UCLA (20-5, 10-3) was led by the 15 points of Alfred Aboya, an inside force that the Huskies just could not contain in the second half. Farmar added 13 and Luc Richard Mbah a Moute came up with 11 points and nine rebounds for the Bruins in a losing effort. Ryan Hollins finished with seven points and also had nine boards.

The game was a bruiser right from the start, as a call was made every thirty seconds for basically the entire first half. 54 total fouls were tallied, and three players ended up fouling out; Cedric Bozeman and Ryan Hollins for UCLA and Jamaal Williams for Washington. "It's tough," Farmar said after the game about the number of fouls called. "It's hard to get into a rhythm. That's just the road in the Pac-10, playing a school as good as the Huskies. We were trying to be physical all game long, but it's hard to do that when they are at the free-throw line all the time."

Washington shot 82.4 percent from the line (28-34), out-scoring UCLA on the stripe by 9.

Williams may have been asked to leave the game by the referees, but he still was able to leave an imprint on the final result. He put up a tough shot off the glass to give Washington a four-point lead and then came up from behind Farmar and stymied him in the paint, blocking the ball from up top as the UCLA point guard was trying desperately to draw contact and go to the line.

Hollins' exit was a very damaging one for UCLA, as he fouled out with nearly 12 minutes to go in the game. Up to that point, the Bruins had dominated Washington inside, and had their way all game long. Overall, UCLA out-rebounded Washington 34-26. "We haven't got out-rebounded like that for a long time. They had their way with us."

And when Hollins left, the Bruins immediately went on a 6-0 run and took their first lead of the game since the five-minute mark of the first-half on a Michael Roll layin. From there on out, it was a see-saw battle, with neither team able to widen a lead larger than four points.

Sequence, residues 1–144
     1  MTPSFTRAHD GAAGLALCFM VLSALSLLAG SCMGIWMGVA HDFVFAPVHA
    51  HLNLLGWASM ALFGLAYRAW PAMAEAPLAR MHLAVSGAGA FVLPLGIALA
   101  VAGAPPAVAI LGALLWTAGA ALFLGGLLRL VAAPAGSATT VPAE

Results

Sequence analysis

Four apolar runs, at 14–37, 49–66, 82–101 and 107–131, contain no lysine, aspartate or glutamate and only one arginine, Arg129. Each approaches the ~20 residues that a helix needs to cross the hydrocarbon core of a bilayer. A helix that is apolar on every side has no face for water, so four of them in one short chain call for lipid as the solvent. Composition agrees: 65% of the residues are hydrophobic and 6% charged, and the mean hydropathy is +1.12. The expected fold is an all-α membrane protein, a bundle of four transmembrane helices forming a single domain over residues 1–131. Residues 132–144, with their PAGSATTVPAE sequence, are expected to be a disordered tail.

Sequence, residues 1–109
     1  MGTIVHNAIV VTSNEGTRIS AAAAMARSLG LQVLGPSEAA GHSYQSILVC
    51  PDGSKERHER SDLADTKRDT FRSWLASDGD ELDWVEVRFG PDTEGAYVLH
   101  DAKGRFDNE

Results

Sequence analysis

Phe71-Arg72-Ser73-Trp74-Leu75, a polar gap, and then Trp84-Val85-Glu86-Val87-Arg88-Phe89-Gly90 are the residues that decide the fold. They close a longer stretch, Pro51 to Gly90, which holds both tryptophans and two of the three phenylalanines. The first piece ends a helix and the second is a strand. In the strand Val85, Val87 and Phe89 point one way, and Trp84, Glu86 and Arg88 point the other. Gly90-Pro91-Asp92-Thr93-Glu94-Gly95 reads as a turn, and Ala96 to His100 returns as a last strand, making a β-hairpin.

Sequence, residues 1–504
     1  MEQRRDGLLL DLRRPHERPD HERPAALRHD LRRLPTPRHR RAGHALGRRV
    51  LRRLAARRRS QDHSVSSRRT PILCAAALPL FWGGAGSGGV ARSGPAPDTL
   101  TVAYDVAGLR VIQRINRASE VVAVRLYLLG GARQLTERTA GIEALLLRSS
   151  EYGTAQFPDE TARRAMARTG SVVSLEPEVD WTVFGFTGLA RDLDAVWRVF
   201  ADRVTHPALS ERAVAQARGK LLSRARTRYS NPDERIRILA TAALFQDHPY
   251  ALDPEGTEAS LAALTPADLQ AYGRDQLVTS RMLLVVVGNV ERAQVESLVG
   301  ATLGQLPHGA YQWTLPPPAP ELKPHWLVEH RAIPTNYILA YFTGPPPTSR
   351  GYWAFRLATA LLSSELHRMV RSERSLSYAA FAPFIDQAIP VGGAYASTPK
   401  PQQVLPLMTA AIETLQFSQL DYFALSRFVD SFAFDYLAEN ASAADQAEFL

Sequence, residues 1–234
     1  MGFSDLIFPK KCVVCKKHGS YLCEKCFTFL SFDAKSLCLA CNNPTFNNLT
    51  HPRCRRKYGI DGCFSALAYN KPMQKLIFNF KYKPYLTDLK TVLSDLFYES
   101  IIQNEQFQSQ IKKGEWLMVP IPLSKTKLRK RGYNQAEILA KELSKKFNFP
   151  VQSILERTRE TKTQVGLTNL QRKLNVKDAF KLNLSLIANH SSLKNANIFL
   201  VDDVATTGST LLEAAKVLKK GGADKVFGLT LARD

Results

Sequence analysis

At one point in the first half, UCLA Head Coach Ben Howland walked onto the court and down on UCLA's offensive end, asking for a timeout to get Hollins out of the game because he started to go after the Huskies' Appleby as a number of players crashed to the floor. The UW-partisan crowd wanted a technical foul to be assessed on Howland, but the referees decided against it. In hindsight, it was a timeout Howland would have wanted back. Howland decided to call his last one with 3:56 left in the game, rather than wait until the mandatory under-four minute television timeout.

"Ryan lost his control and started to go after Appleby and that hurt us right there. I was so irate with him because he's a senior who is playing his best game ever and still fouls out after playing only 17 minutes because he was going after guys. And the refs showed a lot of restraint in not t'ing me up and also showed great restraint in not t'ing him (Rollins)."
Points: Roy 20, Dentmon 16, Jones 10, Williams 10, Brockman 7, Burmeister 3, Appleby 3, Jensen 1
Rebounds: Brockman 5, Roy 4, Dentmon 4, TEAM 4, Jones 3, Williams 3, Appleby 2, Jensen 1
Assists: Roy 7, Jones 2, Dentmon 2, Williams 1
Steals: Jones 4, Roy 1, Dentmon 1, Appleby 1
Blocks: Roy 2, Williams 1